By Ginny Masullo
TFW Contributing Writer
When performance poet Leah Gould recites her original poetry this Tuesday for the Ozark Poets and Writers Collective monthly reading at Nightbird Books, she’ll be playing a ukulele behind some of her verses.
This dynamic, award-winning poet performs like a natural, but she hit the poetry slam scene reluctantly. Leah said she’d always thought slam poetry lame.
She had been writing and reading poetry since a young age, teething on the likes of Pablo Neruda, Hafiz and Audre Lorde.
By happenstance, she attended a slam at a bookstore in Missouri where she attended college. “Blown away” by what she heard, she returned to the Missouri Poetry Women of the World Slam Qualifier.
“It was so fun and inspiring seeing all those strong, awesome women up there expressing themselves and kicking ass,” Gould said.
Yet, it was not until the death of her father two years later that she decided to write some new poetry and perform it. To do so, she cut off her forever-long hair hoping no one would recognize her if she performed badly. She did not bomb. She won the competition and was later recruited to become part of a team that competed in the Southern Fried Poetry Slam.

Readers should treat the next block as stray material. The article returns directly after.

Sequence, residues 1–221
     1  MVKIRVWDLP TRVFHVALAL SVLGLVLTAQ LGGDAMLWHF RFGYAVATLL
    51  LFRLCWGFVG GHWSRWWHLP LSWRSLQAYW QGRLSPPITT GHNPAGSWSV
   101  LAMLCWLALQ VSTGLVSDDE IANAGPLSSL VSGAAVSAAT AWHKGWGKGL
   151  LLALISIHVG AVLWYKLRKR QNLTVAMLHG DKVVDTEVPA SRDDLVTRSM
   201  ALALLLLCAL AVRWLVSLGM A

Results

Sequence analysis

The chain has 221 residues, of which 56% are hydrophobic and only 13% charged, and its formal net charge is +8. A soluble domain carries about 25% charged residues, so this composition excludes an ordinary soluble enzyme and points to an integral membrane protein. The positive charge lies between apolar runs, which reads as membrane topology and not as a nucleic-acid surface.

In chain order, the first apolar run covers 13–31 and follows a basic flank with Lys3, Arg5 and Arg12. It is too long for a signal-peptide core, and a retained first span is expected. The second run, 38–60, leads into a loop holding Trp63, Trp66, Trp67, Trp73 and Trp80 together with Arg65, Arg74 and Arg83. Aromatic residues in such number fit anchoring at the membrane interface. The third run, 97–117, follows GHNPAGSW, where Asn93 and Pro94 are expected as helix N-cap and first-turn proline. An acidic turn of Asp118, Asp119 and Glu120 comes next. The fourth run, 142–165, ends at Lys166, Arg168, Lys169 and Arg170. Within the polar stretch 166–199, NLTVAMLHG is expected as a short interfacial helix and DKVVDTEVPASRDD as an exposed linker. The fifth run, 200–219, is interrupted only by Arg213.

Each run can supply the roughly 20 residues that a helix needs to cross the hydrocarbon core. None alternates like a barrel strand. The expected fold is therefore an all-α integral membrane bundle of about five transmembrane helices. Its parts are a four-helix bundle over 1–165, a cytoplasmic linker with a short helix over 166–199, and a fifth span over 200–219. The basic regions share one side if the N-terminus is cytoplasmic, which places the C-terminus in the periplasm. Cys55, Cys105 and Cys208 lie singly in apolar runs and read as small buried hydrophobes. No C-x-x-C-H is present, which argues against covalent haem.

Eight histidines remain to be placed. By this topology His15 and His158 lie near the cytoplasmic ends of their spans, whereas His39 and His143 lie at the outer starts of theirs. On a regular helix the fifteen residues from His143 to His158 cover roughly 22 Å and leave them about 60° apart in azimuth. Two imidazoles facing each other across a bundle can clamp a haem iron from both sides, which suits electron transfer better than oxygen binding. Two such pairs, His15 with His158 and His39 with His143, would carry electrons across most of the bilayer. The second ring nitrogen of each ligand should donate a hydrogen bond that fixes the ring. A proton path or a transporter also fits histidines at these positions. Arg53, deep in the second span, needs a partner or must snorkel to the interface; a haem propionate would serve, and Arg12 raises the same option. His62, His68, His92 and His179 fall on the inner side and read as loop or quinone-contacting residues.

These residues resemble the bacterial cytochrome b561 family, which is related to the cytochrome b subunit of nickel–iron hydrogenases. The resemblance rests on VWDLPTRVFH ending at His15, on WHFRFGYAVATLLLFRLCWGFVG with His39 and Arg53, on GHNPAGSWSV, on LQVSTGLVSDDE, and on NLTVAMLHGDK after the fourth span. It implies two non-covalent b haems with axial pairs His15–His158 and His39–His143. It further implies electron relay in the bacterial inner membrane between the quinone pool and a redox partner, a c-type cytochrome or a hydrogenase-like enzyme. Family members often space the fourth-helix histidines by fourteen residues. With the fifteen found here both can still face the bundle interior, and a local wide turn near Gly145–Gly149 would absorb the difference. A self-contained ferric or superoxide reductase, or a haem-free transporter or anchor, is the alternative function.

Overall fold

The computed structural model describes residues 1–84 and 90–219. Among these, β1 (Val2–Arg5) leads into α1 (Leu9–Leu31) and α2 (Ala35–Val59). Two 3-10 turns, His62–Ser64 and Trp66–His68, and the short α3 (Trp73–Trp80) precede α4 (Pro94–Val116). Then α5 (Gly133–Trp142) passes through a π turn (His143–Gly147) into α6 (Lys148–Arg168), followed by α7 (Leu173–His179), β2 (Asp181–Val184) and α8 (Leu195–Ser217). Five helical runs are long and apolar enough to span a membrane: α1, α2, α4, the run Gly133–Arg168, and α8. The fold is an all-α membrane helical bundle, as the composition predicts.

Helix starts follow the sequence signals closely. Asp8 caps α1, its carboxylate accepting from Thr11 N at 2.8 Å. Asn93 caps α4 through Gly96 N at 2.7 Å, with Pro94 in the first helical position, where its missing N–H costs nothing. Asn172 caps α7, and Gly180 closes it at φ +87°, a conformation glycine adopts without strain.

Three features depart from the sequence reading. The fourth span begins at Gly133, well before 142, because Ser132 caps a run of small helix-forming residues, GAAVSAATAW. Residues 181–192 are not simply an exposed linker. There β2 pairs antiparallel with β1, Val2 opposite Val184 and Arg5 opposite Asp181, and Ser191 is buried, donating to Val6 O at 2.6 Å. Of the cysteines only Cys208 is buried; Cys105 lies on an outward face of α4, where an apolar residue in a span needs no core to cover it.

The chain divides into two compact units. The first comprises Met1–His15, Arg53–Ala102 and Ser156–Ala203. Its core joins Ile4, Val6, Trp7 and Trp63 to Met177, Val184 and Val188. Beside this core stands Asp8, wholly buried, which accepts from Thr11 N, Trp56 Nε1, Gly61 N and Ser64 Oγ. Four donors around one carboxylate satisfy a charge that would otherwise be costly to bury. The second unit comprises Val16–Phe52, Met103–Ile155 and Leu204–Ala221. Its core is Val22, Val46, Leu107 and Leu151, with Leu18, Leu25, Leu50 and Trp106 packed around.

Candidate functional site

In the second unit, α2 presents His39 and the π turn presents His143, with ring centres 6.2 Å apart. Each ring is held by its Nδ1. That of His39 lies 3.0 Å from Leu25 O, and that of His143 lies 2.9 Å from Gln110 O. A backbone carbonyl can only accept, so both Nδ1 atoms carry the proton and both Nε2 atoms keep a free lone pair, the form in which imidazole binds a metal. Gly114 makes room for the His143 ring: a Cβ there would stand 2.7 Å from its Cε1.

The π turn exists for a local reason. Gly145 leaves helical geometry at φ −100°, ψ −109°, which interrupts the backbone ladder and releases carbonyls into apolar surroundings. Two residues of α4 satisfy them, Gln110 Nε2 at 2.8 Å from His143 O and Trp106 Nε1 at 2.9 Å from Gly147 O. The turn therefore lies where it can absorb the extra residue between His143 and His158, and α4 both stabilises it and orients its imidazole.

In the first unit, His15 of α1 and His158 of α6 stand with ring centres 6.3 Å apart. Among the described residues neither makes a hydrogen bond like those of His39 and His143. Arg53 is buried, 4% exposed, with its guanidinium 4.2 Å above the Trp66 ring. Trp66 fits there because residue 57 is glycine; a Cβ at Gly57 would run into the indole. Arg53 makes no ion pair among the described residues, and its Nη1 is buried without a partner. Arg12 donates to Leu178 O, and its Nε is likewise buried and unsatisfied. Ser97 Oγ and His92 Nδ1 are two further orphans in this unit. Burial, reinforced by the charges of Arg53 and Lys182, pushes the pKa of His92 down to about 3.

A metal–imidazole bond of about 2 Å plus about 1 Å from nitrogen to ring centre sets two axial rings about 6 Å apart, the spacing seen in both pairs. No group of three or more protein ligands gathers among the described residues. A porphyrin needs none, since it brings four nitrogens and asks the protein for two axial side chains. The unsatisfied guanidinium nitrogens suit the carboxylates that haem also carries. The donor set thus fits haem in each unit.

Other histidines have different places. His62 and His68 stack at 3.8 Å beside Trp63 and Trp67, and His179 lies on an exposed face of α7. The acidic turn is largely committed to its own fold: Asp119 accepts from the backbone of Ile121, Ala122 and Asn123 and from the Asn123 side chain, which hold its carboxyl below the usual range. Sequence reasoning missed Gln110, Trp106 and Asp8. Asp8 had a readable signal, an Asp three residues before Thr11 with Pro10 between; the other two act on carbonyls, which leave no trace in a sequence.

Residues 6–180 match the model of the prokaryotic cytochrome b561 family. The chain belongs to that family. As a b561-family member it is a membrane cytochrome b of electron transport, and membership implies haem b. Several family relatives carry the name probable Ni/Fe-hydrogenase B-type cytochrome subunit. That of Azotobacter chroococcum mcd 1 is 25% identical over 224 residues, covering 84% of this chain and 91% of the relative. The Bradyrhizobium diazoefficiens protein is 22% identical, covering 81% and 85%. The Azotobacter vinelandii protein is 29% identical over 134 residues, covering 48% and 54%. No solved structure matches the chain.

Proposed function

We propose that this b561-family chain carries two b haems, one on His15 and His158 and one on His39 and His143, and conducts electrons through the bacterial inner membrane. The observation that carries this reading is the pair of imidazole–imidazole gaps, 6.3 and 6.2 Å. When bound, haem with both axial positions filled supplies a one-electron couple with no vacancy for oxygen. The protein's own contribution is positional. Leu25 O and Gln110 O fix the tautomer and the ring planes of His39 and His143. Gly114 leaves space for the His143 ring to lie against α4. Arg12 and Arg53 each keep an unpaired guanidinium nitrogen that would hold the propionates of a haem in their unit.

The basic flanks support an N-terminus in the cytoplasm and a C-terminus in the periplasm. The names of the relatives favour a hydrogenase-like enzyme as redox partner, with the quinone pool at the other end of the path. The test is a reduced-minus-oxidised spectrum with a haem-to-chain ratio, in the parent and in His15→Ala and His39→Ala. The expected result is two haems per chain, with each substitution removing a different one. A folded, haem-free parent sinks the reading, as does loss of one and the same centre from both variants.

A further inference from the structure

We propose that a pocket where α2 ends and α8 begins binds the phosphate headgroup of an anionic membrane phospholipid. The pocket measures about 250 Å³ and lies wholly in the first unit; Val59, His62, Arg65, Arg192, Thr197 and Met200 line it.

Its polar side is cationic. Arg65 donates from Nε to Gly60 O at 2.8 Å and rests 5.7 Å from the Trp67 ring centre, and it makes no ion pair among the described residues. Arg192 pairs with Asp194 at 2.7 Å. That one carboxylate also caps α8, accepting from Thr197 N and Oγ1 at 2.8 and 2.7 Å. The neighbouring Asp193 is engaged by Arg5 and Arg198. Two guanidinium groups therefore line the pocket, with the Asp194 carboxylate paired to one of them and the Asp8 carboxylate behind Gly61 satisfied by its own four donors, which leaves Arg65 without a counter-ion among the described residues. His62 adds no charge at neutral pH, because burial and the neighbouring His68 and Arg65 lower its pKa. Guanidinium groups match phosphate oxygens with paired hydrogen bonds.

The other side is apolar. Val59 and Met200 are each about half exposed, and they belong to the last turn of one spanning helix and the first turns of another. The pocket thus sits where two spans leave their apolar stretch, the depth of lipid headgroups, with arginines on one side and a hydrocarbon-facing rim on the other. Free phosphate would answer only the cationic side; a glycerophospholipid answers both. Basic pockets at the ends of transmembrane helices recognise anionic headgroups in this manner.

With her Missouri slam family offering inspiration, Gould performed with the Ozark Slam team at the nationals and will be representing Fayetteville next month in Denver at the Women of the World Poetry Slam. She has a chapbook and a spoken word CD.
Gould executes her performances with the finesse of a seasoned performer. Her poetic observations and themes reveal a wise knowledge and ardor for “this whirling dance of time.”